Blind zone dangers

(FOX19) - Four years ago, a young girl in Harrison died when a car backing up accidentally ran over her.

Cincinnati Children's Hospital says 37 kids in the past 15 years have been injured in backup accidents. It can happen quickly, especially for larger cars like vans or SUVs.

FOX19 placed cones behind drivers as they were backing out of a parking spot to see if they could spot it in an area referred to as the rear blind zone. Several drivers said they didn't see the cones.

"No, I didn't (see it)," said Anita Bradford of Elsmere. "I was in the trunk and everything but no, I didn't see it."

"I never did notice it," said Cheryl Simpson. "How long was it there? Was it there when I put my stuff in the car?"

And that's a problem with larger cars such as minivans, SUVs and pickups, which have rear blind zones ranging from 28 to 50 feet.

If a child is in that blind spot it's harder for drivers to spot them.

Car manufacturers are getting up-to-date with the latest in safety standards and new vehicles are coming equipped with cameras and rear sensors.

Backup cameras and sensors are among some of the newest technology.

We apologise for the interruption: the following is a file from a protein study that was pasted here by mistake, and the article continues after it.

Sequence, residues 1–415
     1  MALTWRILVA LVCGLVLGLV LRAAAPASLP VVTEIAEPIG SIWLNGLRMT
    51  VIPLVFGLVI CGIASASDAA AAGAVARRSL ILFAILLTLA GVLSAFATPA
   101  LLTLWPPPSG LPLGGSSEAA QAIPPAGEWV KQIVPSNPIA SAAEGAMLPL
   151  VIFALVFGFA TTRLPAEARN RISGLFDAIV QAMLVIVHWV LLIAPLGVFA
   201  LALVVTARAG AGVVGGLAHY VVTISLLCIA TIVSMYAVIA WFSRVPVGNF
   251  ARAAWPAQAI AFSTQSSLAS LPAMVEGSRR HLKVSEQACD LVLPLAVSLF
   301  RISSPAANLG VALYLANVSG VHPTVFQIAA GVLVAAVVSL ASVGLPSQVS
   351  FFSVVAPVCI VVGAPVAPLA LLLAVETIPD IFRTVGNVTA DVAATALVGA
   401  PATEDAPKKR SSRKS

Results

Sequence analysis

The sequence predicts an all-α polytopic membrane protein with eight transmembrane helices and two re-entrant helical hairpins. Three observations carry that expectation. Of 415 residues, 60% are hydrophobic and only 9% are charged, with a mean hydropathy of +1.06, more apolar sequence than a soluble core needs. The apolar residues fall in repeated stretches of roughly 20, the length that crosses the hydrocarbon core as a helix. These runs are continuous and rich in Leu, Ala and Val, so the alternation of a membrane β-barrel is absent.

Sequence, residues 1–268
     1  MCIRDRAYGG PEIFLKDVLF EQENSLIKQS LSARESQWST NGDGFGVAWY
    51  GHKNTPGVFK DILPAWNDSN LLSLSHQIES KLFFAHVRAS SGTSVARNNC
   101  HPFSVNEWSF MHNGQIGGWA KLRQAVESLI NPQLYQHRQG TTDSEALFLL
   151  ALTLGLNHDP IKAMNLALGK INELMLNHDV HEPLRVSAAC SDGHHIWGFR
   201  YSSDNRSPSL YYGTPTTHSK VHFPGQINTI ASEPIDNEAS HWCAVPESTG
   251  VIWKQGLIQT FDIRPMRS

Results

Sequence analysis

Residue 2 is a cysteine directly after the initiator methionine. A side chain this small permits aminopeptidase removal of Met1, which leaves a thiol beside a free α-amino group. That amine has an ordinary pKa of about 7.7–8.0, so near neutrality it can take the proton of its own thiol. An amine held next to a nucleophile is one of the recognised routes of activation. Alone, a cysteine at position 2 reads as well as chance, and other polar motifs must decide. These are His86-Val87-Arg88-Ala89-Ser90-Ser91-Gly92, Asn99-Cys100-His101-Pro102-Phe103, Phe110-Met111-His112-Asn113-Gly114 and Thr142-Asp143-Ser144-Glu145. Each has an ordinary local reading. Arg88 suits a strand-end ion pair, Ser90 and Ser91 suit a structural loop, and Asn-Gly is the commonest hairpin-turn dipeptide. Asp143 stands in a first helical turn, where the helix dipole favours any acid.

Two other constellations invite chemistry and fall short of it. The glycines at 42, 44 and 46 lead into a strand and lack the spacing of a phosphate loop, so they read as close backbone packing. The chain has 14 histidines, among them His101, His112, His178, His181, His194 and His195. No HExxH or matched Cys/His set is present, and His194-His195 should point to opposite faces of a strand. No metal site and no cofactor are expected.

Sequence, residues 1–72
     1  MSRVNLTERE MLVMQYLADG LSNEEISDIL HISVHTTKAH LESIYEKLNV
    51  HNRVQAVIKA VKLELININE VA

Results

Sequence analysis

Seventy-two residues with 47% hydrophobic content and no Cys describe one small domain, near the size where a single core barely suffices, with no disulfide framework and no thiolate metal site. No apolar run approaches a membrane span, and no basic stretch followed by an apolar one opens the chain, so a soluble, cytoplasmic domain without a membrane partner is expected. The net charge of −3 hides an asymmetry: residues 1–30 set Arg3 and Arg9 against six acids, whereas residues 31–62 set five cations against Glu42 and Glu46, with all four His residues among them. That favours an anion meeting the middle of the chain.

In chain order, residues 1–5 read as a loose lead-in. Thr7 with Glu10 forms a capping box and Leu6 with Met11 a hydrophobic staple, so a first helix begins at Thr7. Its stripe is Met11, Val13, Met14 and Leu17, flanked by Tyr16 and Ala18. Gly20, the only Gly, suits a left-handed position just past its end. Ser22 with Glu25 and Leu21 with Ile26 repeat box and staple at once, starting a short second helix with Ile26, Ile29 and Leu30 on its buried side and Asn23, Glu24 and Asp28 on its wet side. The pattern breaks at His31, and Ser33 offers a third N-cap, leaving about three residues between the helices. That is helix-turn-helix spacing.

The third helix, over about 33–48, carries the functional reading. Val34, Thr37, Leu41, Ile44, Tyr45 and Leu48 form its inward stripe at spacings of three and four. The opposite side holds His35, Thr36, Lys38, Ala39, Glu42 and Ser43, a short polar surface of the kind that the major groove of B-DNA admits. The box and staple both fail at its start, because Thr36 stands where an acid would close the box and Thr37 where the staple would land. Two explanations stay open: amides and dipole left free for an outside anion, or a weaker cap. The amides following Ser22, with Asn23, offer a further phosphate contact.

"You have a wide angle view, you have a normal view," said Nick Brazel, a car salesman.

The sensors will activate when something is behind the vehicle, letting the driver know something is in the way.

"If you're in a driveway, the bicycle, your child, the family pet, whatever it may be, it's going to keep that 5 foot buffer," said Brazel.

Drivers say the new technology was a great idea but so is being extra careful when backing out.

"Just slow down and keep your eyes open," said driver Lori McHugh.

You don't have to purchase a new car just to get the latest technology. There are plenty of companies that have made backup camera systems that you can add to your own car.

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